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Testing a scientific hypothesis involves at least four different activities. First, the hypothesis must be examined for internal consistency. A hypothesis that is self-contradictory or not logically well-formed in some other way should be rejected. Second, the logical structure of the hypothesis must be examined to ascertain whether it has explanatory value, i.e., whether it makes the observed phenomena intelligible in some sense, whether it provides an understanding of why the phenomena do in fact occur as observed.

A hypothesis that is purely tautological should be rejected because it has no explanatory value. A scientific hypothesis identifies the conditions, processes, or mechanisms that account for the phenomena it purports to explain. Thus, hypotheses establish general relationships between certain conditions and their consequences or between certain causes and their effects. For example, the motions of the planets around the sun are explained as a consequence of gravity, and respiration as an effect of red blood cells that carry oxygen from the lungs to various parts of the body.

Third, the hypothesis must be examined for its consistency with hypotheses and theories commonly accepted in the particular field of science, or to see whether it represents any advance with respect to well-established alternative hypotheses. Lack of consistency with other theories is not always ground for rejection of a hypothesis, although it will often be. Some of the greatest scientific advances occur precisely when it is shown that a widely-held and well supported hypothesis is replaced by a new one that accounts for the same phenomena that were explained by the preexisting hypothesis, as well as other phenomena it could not account for. One example is the replacement of Newtonian mechanics by the theory of relativity, which rejects the conservation of matter and the simultaneity of events that occur at a distance—two fundamental tenets of Newton's theory.

Examples of this kind are pervasive in rapidly advancing disciplines, such as molecular biology at present. The so-called "central dogma" holds that molecular information flows only in one direction, from DNA to RNA to protein. The DNA contains the genetic information that determines what the organism is, but that information has to be expressed in enzymes (a particular class of proteins) that guide all chemical processes in cells. The information contained in the DNA molecules is conveyed to proteins by means of intermediate molecules, called messenger RNA. David Baltimore and Howard Temin were awarded the Nobel Prize for discovering that information could flow in the opposite direction, from RNA to DNA, by means of the enzyme reverse transcriptase. They showed that some viruses, as they infect cells, are able to copy their RNA into DNA, which then becomes integrated into the DNA of the infected cell, where it is used as if it were the cell's own DNA.

Other examples are the following. Until very recently, it was universally thought that only the proteins known as enzymes could mediate (technically "catalyze") the chemical reactions in cells. However, Thomas Cech and Sidney Altman received in 1989 the Nobel Prize for showing that certain RNA molecules act as enzymes and catalyze their own reactions. One more example concerns the so-called "co-linearity" between DNA and protein. It was generally thought that the sequence of nucleotides in the DNA of a gene is expressed consecutively in the sequence of aminoacids in the protein. This conception was shaken by the discovery that genes come in pieces, separated by intervening DNA segments that do not carry genetic information; Richard Roberts and Philip Sharp received the 1993 Nobel Prize for this discovery.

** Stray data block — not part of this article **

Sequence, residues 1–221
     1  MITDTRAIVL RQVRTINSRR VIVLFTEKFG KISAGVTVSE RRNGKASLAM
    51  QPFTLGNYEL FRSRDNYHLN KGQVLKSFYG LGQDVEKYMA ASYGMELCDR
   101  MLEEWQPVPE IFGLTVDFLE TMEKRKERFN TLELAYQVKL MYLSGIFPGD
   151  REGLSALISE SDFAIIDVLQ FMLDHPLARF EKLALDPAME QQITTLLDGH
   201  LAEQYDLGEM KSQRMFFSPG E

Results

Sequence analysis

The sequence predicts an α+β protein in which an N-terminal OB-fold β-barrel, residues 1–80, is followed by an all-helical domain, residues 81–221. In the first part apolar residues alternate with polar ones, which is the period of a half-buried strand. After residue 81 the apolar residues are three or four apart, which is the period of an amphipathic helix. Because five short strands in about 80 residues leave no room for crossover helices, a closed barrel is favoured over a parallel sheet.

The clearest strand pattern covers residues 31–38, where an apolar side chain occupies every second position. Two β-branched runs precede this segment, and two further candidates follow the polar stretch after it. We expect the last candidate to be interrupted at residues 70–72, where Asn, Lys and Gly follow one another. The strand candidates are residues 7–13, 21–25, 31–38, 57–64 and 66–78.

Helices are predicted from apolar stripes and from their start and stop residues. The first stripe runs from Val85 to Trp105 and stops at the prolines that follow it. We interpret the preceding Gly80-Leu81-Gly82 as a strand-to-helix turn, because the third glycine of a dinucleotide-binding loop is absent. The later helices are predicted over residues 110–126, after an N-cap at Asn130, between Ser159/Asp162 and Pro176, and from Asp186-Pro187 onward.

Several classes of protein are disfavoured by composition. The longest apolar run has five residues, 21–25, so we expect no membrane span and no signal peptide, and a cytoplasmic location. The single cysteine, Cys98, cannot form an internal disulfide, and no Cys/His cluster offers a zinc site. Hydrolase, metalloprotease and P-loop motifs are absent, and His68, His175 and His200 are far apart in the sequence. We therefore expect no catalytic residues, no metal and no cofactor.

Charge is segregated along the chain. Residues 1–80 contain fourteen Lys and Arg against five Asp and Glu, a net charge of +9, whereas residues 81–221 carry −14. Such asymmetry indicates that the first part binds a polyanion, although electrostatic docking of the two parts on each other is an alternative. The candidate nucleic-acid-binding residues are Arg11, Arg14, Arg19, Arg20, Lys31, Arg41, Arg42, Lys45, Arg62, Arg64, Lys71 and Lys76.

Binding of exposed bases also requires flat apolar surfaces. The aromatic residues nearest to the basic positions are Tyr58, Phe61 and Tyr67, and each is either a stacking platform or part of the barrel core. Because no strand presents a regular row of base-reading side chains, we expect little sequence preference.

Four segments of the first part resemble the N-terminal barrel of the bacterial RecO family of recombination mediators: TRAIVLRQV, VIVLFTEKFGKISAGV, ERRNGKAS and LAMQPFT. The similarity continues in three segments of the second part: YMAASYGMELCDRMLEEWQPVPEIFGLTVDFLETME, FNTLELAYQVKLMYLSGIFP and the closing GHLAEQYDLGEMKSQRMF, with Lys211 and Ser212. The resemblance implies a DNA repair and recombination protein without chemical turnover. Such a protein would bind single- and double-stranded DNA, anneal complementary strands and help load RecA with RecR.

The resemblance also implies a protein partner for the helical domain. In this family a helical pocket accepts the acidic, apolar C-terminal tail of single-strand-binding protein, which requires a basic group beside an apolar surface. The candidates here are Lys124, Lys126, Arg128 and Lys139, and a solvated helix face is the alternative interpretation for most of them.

The fourth and most distinctive test is the one I have identified, which consists of putting on trial an empirically scientific hypothesis by ascertaining whether or not predictions about the world of experience derived as logical consequences from the hypothesis agree with what is actually observed. This is the critical element that distinguishes the empirical sciences from other forms of knowledge: the requirement that scientific hypotheses be empirically falsifiable. Scientific hypotheses cannot be consistent with all possible states of affairs in the empirical world. A hypothesis is scientific only if it is consistent with some but not with other possible states of affairs not yet observed in the world, so that it may be subject to the possibility of falsification by observation. The predictions derived from a scientific hypothesis must be sufficiently precise that they limit the range of possible observations with which they are compatible. If the results of an empirical test agree with the predictions derived from a hypothesis, the hypothesis is said to be provisionally corroborated; otherwise it is falsified.

The requirement that a scientific hypothesis be falsifiable has been called by Karl Popper the criterion of demarcation of the empirical sciences because it sets apart the empirical sciences from other forms of knowledge. A hypothesis that is not subject to the possibility of empirical falsification does not belong in the realm of science.

See my "On the Scientific Method, Its Practice and Pitfalls," Hist. Phil. Life Sci. 16 (1994), pp. 205-240.

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